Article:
Management of late pregnancy sheep and goats
Proper management of the doe or ewe in late pregnancy is vital to ensure kid and lamb survival as well as provide for adequate colostrum production and subsequent milk production.
Approximately two-thirds of the birth weight of a developing fetus is gained during the last six weeks of gestation. As a result, the nutritional requirement of the dam for both energy and protein increases during this time. For a 175 pound mature ewe, Total Digestible Nutrients (TDN) requirements increase to 57-66 percent, compared to 55 percent during early gestation. Similarly, crude protein requirement increases to around 11 percent.
The most critical difference is the increase in energy requirement, particularly during the two weeks prior to giving birth. Inadequate nutrition during late gestation may result in pregnancy ketosis, light birth weights, weak lambs and lower milk production. Energy and protein requirements are also increased for animals carrying multiple births. Total energy intake requirements in late gestation increase 16 percent for twin and 31 percent for triplet-carrying ewes compared to ewes carrying singles. Similarly, total crude protein requirements increase 23 percent and 45 percent for twin and triplet carrying ewes, respectively, compared to singles. These increased requirements can be supplied by providing a more nutrient dense diet. Grain supplementation should begin earlier for multiple birth ewes (3-6 weeks pre-lambing) than ewes carrying singles (2 weeks pre-lambing). Many shepherds utilize the rule of thumb that ewes should receive one pound of grain supplement for each lamb they are carrying. Also feed intake can be decreased by the fetuses limiting the amount of space available for the rumen.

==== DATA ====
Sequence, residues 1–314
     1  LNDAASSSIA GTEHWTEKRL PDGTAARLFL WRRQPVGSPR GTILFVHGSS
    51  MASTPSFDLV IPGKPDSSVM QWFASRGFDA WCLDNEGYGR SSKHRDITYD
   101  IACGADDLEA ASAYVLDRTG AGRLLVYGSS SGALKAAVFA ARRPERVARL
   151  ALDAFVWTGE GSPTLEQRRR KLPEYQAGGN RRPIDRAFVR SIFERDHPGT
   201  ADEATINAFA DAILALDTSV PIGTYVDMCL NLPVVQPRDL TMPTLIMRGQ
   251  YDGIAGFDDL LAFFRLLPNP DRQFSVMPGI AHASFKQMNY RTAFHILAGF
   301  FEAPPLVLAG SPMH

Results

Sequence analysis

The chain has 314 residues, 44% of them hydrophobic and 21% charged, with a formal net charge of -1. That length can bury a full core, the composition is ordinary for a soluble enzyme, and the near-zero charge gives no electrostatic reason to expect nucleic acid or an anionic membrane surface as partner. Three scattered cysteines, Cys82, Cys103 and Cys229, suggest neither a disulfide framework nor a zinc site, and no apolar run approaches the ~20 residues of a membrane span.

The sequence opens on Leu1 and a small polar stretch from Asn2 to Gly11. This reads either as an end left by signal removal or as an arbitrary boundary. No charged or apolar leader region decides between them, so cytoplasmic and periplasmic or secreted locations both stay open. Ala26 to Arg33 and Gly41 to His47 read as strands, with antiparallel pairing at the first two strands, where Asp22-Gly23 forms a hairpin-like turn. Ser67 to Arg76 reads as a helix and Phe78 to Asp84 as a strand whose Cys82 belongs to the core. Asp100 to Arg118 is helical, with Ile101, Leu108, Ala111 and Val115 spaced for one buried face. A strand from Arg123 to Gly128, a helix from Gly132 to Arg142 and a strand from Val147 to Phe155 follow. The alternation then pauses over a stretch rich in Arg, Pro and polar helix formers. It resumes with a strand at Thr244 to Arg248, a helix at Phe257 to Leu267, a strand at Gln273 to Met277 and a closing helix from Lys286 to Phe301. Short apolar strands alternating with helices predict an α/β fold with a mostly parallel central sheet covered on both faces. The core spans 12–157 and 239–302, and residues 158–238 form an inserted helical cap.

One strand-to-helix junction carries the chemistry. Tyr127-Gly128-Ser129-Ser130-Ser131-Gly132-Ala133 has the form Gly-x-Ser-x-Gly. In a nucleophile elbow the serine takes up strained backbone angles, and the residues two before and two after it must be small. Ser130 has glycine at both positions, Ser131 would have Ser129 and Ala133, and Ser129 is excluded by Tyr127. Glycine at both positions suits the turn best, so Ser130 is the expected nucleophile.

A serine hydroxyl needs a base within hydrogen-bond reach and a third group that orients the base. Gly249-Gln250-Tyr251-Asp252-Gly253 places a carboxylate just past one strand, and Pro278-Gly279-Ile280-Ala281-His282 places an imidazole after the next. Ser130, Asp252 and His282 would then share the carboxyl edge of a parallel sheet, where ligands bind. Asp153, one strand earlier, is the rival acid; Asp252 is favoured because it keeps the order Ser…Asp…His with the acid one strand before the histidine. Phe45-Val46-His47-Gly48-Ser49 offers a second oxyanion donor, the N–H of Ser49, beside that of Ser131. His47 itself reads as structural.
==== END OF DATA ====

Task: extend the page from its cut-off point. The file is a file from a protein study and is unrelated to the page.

Selenium and Vitamin E are critical nutrients during gestation. Soils in Michigan are selenium deficient making supplementation is a must. Selenium is passed from the placenta to the fetus during late gestation, and proper selenium supplementation to does and ewes will assist in preventing white muscle disease in kids and lambs. Selenium is often provided in complete mineral mixes offered free-choice. FDA regulates that selenium concentration in free-choice mineral mixes not exceed 90 PPM, and limits total ration concentration of selenium to 0.3 PPM (intake of 0.7 mg/hd/day). While selenium is a very important trace mineral that is required in small quantities, care should be exercised in formulation as higher intakes can be toxic, according to Michigan State University Extension.
Late gestation does and ewes with inadequate calcium intakes are prone to milk fever. The calcium content of grains is low, whereas forages such as alfalfa hay are generally higher in calcium. Calcium intake should be monitored closely, particularly when feeding corn grain and hay diets. Supplemental calcium may be provided through a complete grain mix.
Does and Ewes should be vaccinated for clostridium perfringes types C & D and tetanus three weeks prior to lambing. Vaccination of does and ewes will provide protection to their offspring at birth.